Oncology is my profession, cricket commentary is my passion: Nilesh Mehta

USA\'s India-born cancer specialist giving radio commentary of WI-India matches

There have been a few practising doctors like Narottam Puri, Milind Tipnis etc. who have also made their names in cricket commentary. One such India-born doctor, Nilesh Mehta, now practising as an oncologist in Chicago, USA, has been doing commentary in the recent India-West Indies matches on radio.

"It is important to keep balance in life. You can have your profession and pursue your passion. You have to give your 100 % in whatever you do. I see my patients in the clinic and give my attention to them but when I am not at work I feel something else to do", Dr. Mehta, speaking exclusively over the phone from Trinidad said.

"As we know cancer is a very serious disease and we have to give sometimes good news or bad news to the patients and their relatives".

The same theory has to be described to the listeners. "Passion can be tough. You try your best on every single day. I have been doing radio commentary for the ongoing ODIs' and will sit in the commentary box for the T-20Is".

His commentary is relayed through Cricket360, which is on Facebook and it is run in Trinidad by Vinod Manchand.

Dr. Mehta grew up in Baroda and his father Dushyant Mehta was a Managing Committee member in Baroda Cricket Association.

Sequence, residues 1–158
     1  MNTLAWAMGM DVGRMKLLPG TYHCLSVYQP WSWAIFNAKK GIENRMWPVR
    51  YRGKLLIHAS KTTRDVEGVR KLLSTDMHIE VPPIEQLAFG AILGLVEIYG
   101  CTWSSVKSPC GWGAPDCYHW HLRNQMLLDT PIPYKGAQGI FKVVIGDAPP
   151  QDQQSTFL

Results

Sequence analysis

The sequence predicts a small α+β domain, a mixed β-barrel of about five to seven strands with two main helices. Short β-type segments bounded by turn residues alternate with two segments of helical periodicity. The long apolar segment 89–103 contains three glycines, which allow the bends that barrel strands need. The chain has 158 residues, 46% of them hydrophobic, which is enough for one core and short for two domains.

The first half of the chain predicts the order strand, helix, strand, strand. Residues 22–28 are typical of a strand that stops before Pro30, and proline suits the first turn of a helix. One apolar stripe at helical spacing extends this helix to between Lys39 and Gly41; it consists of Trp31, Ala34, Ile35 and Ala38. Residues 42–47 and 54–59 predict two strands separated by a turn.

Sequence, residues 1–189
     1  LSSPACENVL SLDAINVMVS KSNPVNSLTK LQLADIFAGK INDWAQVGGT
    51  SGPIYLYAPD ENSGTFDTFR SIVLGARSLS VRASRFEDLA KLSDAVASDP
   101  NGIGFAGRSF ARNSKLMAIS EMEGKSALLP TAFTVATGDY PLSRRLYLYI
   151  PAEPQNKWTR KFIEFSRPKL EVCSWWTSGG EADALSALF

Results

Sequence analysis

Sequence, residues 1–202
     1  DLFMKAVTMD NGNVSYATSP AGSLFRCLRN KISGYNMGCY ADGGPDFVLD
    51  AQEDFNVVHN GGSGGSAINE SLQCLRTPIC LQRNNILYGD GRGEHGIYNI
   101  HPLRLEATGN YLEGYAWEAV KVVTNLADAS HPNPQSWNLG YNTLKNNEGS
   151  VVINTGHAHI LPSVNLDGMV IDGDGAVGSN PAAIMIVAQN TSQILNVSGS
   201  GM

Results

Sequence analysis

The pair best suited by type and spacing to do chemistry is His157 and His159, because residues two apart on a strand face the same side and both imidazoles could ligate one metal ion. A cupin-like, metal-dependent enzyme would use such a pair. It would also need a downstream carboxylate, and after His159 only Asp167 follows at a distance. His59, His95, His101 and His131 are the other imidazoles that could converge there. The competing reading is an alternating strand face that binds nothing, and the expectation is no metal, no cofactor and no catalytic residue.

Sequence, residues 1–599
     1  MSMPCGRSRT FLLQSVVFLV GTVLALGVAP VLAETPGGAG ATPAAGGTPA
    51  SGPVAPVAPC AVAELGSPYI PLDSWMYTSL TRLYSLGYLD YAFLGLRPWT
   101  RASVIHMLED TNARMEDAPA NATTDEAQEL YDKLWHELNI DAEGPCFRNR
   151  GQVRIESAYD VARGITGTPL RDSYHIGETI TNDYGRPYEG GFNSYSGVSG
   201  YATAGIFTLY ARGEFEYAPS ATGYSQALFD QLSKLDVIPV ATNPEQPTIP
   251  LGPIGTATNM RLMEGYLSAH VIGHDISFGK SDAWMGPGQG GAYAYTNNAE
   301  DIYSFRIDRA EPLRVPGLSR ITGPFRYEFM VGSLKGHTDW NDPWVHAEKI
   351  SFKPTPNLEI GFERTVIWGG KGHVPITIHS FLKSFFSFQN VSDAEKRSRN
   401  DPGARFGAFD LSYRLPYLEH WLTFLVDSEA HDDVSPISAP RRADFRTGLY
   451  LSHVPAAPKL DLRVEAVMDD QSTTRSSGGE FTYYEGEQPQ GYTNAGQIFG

"He used to take me to the Motibaug Ground to watch the Ranji Trophy matches and there I came to this game".

"My father used to know Vijay Hazare, Dattaji Gaekwad, who is the father of Anshuman Gaekwad".

"As time went on I passed the umpiring examination. I also became a scorer, that's when my journey began in cricket. In my early life, I came to know that I will not be able to become a cricketer but I wanted to remain with this game and thus I adopted this hobby in commentary", he added.

Dr. Mehta was a commentary fan of Anant Setalwad, Suresh Saraiya, Tony Cozier, Tony Greig and Richie Benaud. He considers Dickey Rutnagar as his guru. He has also met the late Chrisopher Martin Jenkins (CMJ).

Dr. Mehta loves playing carrom with his wife Smita and two children, who too are in the medical profession.

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